In Florida, a coalition of Democrats and a few moderate Republicans killed what could have been a major expansion of private prisons. The measure would have privatized 27 prisons and displaced more than 3,500 corrections officers. In the Florida Senate, nine Republicans voted against the measure, along with all 12 Democratic state senators. It was a rare victory for both Democrats and the labor unions that fought the bill.
When then-candidate Rick Scott and the police unions were butting heads over Scott's plans to reduce prison costs, I pointed out that neither side was particularly sympathetic. The police unions were accusing Scott of wanting to release dangerous criminals and Scott was arguing that forcing inmates to grow their own food was going to save money.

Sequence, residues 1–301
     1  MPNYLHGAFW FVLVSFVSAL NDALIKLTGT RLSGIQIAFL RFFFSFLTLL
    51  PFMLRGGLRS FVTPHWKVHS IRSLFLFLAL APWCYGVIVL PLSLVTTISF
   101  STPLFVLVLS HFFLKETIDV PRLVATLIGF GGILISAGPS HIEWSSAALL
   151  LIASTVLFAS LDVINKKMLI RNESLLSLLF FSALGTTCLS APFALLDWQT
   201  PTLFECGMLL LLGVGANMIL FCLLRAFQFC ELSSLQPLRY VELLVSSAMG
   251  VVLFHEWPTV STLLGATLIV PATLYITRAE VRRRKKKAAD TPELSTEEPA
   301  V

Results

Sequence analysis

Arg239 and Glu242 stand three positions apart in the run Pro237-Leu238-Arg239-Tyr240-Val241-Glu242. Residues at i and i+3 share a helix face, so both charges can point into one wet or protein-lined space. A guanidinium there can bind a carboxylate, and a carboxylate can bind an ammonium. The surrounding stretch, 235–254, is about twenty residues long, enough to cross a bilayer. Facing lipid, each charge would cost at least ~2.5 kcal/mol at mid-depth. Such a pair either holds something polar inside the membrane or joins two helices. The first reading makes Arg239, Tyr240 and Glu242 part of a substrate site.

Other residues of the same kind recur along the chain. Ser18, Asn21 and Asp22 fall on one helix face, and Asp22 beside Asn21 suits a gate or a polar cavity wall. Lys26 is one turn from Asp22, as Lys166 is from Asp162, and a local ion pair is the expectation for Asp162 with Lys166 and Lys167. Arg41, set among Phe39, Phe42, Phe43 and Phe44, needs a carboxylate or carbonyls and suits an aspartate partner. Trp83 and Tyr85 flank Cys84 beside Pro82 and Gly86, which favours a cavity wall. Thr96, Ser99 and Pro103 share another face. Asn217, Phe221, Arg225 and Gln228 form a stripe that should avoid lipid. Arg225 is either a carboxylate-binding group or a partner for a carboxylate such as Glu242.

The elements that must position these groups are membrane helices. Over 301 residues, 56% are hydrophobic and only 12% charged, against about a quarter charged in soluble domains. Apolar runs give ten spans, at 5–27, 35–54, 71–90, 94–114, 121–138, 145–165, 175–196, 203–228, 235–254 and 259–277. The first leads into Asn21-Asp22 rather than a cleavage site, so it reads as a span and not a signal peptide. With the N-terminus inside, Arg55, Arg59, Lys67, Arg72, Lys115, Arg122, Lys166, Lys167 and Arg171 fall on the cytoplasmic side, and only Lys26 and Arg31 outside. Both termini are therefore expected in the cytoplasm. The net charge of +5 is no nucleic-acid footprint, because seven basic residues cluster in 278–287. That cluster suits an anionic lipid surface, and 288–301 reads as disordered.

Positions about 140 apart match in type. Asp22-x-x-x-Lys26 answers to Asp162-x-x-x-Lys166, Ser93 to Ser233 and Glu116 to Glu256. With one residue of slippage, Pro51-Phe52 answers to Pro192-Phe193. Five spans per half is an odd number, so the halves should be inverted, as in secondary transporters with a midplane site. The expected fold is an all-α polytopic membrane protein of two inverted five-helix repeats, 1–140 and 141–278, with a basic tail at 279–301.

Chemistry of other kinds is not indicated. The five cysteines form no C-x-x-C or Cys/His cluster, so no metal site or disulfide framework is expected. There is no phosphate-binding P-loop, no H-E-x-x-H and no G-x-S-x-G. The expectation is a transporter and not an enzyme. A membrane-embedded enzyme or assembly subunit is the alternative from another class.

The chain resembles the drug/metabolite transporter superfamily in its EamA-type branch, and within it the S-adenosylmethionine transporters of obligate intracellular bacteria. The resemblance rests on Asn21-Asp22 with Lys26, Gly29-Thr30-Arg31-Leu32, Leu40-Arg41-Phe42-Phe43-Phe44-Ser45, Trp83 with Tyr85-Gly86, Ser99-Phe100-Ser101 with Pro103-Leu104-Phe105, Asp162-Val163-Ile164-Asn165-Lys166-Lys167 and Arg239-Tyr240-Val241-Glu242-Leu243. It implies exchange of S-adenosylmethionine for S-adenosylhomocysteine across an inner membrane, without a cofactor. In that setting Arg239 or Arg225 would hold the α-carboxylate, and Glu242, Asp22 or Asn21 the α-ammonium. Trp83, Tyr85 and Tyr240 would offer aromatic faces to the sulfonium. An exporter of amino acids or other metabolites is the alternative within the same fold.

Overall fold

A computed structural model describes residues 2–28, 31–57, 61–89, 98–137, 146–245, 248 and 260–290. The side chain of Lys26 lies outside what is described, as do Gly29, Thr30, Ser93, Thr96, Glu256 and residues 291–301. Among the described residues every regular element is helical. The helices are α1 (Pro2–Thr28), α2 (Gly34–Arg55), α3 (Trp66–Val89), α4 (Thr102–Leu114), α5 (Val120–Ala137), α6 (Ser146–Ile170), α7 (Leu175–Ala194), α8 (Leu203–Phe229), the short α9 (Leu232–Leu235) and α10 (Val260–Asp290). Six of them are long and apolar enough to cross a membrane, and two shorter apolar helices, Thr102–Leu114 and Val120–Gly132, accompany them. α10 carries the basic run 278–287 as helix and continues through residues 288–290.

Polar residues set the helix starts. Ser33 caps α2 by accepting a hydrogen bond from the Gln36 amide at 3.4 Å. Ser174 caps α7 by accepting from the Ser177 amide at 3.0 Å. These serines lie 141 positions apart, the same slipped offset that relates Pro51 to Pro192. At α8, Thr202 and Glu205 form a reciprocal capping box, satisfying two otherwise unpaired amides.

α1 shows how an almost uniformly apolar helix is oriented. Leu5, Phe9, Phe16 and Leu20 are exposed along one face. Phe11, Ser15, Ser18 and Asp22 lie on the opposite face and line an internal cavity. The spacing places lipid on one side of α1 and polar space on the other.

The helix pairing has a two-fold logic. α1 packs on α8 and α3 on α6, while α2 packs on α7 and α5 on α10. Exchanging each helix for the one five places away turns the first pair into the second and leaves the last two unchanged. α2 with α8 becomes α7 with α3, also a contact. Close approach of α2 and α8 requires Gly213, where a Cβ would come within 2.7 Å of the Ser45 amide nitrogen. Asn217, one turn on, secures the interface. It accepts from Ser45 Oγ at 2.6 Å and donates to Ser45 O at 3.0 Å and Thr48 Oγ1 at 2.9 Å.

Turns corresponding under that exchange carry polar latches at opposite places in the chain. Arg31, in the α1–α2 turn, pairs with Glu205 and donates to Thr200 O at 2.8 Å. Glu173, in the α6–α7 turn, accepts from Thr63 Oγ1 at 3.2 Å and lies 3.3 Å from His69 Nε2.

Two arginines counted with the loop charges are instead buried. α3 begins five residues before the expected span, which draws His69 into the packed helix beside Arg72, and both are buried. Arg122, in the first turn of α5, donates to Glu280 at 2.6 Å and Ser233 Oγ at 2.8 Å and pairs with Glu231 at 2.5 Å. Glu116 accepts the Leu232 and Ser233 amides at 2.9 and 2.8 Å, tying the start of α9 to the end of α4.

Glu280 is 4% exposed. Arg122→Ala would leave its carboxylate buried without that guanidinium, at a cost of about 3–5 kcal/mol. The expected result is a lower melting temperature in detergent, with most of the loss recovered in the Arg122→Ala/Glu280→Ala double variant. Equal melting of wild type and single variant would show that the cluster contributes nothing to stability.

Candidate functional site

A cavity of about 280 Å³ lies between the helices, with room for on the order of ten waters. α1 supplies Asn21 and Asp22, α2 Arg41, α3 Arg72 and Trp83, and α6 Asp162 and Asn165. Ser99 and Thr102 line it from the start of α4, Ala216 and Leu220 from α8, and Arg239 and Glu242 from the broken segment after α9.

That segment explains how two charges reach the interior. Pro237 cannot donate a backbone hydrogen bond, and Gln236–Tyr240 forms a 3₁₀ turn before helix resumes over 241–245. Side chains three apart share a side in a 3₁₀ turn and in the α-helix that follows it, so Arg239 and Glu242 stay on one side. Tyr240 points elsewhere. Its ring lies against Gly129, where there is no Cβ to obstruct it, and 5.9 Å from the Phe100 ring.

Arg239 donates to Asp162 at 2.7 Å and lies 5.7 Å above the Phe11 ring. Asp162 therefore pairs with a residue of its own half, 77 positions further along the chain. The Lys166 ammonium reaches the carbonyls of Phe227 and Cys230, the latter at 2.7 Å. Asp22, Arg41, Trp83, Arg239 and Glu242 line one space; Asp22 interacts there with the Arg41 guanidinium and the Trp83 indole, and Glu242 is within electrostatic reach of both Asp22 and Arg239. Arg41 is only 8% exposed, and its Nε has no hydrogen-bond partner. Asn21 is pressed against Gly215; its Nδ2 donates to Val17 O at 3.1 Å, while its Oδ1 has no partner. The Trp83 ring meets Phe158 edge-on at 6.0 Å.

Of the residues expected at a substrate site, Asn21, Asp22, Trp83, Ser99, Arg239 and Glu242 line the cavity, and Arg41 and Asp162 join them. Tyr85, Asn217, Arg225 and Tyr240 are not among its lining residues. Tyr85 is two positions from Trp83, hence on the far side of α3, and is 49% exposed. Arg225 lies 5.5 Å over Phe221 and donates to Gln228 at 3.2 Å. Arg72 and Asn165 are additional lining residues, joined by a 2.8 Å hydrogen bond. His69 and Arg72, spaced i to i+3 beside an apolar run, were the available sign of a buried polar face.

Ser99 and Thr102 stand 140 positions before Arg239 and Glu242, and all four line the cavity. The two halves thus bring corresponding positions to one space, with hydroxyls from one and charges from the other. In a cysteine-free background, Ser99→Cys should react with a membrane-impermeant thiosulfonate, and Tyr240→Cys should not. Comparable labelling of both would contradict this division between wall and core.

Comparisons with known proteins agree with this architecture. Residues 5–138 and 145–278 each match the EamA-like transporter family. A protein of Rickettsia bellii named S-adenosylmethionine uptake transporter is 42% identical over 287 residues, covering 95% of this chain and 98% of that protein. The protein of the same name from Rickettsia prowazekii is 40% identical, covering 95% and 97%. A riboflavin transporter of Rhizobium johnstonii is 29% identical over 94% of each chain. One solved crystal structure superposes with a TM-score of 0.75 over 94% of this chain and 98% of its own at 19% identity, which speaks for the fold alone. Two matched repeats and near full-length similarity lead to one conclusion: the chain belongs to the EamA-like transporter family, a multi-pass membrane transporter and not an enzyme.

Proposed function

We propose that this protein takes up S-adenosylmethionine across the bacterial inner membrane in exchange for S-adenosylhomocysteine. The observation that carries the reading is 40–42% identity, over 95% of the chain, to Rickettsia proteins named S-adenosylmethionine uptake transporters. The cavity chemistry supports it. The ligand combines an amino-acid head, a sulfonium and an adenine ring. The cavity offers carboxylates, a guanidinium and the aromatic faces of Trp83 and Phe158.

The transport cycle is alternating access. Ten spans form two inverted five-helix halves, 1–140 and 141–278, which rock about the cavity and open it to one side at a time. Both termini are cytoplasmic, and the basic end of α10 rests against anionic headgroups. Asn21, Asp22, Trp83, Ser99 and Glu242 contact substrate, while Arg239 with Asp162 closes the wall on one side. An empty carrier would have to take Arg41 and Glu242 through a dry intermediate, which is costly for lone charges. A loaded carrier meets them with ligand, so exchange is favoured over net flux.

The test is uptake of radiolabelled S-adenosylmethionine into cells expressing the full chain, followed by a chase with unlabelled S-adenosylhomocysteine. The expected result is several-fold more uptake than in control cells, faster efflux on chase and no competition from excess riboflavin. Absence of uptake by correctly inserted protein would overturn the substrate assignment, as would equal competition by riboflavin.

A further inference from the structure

I meant to link to the Justice Policy Institute's report on private prisons last week, but Andrea Nill Sanchez has a good summary of the report's conclusions about tremendous influence private prison companies have amassed by throwing money around: